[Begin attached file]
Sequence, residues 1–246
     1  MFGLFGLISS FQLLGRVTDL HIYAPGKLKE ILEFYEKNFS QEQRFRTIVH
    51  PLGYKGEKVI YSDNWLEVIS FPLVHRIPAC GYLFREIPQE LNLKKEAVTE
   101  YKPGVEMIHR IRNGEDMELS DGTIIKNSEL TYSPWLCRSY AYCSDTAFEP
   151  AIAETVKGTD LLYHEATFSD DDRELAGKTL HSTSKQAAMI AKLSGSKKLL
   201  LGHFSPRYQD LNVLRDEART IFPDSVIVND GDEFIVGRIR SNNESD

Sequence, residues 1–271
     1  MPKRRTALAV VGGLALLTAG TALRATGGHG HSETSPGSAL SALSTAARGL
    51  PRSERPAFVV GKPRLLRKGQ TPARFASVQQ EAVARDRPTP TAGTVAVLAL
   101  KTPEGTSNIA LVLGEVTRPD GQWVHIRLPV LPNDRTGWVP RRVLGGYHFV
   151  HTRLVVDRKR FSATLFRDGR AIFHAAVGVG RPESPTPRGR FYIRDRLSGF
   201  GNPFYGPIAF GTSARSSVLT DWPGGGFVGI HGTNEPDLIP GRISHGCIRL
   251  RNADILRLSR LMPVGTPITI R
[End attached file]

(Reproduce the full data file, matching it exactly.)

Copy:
Sequence, residues 1–246
     1  MFGLFGLISS FQLLGRVTDL HIYAPGKLKE ILEFYEKNFS QEQRFRTIVH
    51  PLGYKGEKVI YSDNWLEVIS FPLVHRIPAC GYLFREIPQE LNLKKEAVTE
   101  YKPGVEMIHR IRNGEDMELS DGTIIKNSEL TYSPWLCRSY AYCSDTAFEP
   151  AIAETVKGTD LLYHEATFSD DDRELAGKTL HSTSKQAAMI AKLSGSKKLL
   201  LGHFSPRYQD LNVLRDEART IFPDSVIVND GDEFIVGRIR SNNESD

Sequence, residues 1–271
     1  MPKRRTALAV VGGLALLTAG TALRATGGHG HSETSPGSAL SALSTAARGL
    51  PRSERPAFVV GKPRLLRKGQ TPARFASVQQ EAVARDRPTP TAGTVAVLAL
   101  KTPEGTSNIA LVLGEVTRPD GQWVHIRLPV LPNDRTGWVP RRVLGGYHFV
   151  HTRLVVDRKR FSATLFRDGR AIFHAAVGVG RPESPTPRGR FYIRDRLSGF
   201  GNPFYGPIAF GTSARSSVLT DWPGGGFVGI HGTNEPDLIP GRISHGCIRL
   251  RNADILRLSR LMPVGTPITI R